Most new riders take the Direct Access route into motorcycling.
Helen Weighill opted instead to hang L-plates on a Honda
CBR125RR. That was in May 2005. She passed her test 17 months
later but is still riding the little four-stroke and on 1 December 2006
the mileage stood at 34,888.
My first bike was a Honda Vision NH80 scooter. Motorcycles have
always been part of the Weighill family and my parents bought me that for
my 21st birthday. The Vision and I were together four years and although we had our problems – it ate spark plugs, broke a crank and got itself stolen – another Honda was top of my wanted list when it came to
buying a replacement.
The CBR125RR entered my life in May 2005. I bought it from A1 Honda in Stamford. The OTR price of £2700 included heated handlebar grips, a Scottoiler and heavy duty Oxford lock and chain. It seemed just what I was looking for, but making the switch from ‘twist and go’ scooter to six-speed motorcycle was a mix of delight and despair. I loved my new buy but there were days when I wondered if I would ever get the hang of clutchgear- throttle coordination or a feeling for the far superior brakes. It took about two weeks before it all fell into place.
Since then it has remained my sole form of transport. I don’t drive a car and although I passed my motorcycle test nearly two years ago I have never felt the need to rush out and buy something bigger. That said, my dad and I have been working on the refurbishment of a 22-year-old ‘Babyblade’ CBR400. That is going to be my next steppingstone and I fancy giving road racing a go too, but I have no plans to part with my 125 just yet.
That so few other riders now see the advantages of starting out on a 125 really surprises me. On a visit to a race meeting at Cadwell Park I didn’t see any other 125s or a single machine with L-plates.
When I put the Honda in for its first MoT a few months back, the tester could not believe the mileage, but living in rural Lincolnshire it soon mounts up. I ride all year round and in just about all weathers, bar gale force winds and snow – I am not a masochist!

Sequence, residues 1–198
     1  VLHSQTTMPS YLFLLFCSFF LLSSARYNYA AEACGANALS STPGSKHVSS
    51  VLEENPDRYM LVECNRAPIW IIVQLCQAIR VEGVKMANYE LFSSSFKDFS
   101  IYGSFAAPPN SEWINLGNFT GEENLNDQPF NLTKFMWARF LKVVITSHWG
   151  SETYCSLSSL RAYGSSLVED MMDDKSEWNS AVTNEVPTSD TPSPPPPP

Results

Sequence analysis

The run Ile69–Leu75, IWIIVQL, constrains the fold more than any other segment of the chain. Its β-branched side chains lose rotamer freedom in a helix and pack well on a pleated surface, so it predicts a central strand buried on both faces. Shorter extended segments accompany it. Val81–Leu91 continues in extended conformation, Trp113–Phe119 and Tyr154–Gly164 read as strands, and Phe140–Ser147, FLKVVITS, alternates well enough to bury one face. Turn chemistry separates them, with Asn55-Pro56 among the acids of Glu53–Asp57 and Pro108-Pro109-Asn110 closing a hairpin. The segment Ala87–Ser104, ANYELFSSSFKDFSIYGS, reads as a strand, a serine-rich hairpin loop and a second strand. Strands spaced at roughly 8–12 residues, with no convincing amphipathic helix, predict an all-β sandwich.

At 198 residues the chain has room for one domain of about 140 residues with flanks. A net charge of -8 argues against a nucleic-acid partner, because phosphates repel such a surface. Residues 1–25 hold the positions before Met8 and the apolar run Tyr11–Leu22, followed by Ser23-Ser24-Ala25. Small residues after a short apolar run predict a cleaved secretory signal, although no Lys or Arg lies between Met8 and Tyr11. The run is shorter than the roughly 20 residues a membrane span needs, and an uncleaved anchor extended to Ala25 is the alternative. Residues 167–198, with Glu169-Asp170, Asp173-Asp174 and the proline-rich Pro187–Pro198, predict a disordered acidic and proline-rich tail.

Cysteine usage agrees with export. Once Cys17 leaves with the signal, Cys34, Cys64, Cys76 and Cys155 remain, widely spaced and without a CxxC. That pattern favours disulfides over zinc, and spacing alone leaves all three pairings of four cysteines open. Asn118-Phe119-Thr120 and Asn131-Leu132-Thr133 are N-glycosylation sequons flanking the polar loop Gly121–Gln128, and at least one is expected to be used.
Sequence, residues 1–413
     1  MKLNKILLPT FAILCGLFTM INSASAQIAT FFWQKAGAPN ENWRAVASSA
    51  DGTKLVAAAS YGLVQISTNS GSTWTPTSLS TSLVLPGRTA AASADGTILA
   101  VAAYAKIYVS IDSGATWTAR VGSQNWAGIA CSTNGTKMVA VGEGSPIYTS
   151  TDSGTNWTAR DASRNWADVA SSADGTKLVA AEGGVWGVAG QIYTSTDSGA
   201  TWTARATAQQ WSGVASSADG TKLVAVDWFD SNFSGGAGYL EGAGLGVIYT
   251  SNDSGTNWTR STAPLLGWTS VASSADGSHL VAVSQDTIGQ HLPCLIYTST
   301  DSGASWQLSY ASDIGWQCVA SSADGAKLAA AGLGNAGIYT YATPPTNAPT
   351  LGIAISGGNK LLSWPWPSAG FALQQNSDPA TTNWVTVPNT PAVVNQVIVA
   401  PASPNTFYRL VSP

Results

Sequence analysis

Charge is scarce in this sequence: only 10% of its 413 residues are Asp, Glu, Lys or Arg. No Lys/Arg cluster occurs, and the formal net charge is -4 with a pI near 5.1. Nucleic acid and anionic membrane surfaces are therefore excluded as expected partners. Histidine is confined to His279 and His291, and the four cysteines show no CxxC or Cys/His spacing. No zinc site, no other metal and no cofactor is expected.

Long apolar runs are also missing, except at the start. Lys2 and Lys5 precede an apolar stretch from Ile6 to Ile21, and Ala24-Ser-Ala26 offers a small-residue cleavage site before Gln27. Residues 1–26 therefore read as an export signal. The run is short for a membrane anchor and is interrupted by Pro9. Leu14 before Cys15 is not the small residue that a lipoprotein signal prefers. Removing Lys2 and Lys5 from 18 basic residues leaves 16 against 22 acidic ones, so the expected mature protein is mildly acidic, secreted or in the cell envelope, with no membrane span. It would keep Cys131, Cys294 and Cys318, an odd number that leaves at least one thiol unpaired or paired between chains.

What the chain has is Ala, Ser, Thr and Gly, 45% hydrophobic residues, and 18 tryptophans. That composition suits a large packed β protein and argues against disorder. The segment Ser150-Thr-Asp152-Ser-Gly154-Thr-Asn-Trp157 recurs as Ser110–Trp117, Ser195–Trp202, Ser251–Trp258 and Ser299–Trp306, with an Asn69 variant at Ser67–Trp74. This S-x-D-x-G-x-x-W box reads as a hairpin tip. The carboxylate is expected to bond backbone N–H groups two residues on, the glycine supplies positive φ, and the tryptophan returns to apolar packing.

During my first two years with this bike I was travelling a daily 44-mile round trip to work, sometimes six days a week. I now do a 30-mile round trip to college each day and it’s fantastically fuel-efficient. Would you believe 94.5mpg – a good reason in itself for not trading up to something bigger. I’ve also stuck with the original IRC make of tyres because wear rate is excellent and they give good handling. In addition to my commuting, the Honda has taken me on the 150-mile return journey to the metal and rock music Download Festival held annually at Donington Park. That’s a Friday to Sunday event and I rode there and back each day. I certainly don’t let the fact it’s a 125 put me off making longer journeys because it accelerates well, has no problem keeping up with the traffic, is comfortable, reliable and sips fuel. Even though the suspension is non-adjustable (I’m a lightweight rider and it barely moves when I sit on it) the comfort on long journeys and winding roads is great. There is no annoying vibration through the bars or pegs. On those occasions it does start ‘grumbling’ I know the spark plug needs changing. This early warning sign is also accompanied by a slight loss of power and crops up at intervals of about 5000 miles.
Although it’s a sports-style machine the riding position is not akin to ‘a monkey copulating with a football’. Backache has never been a problem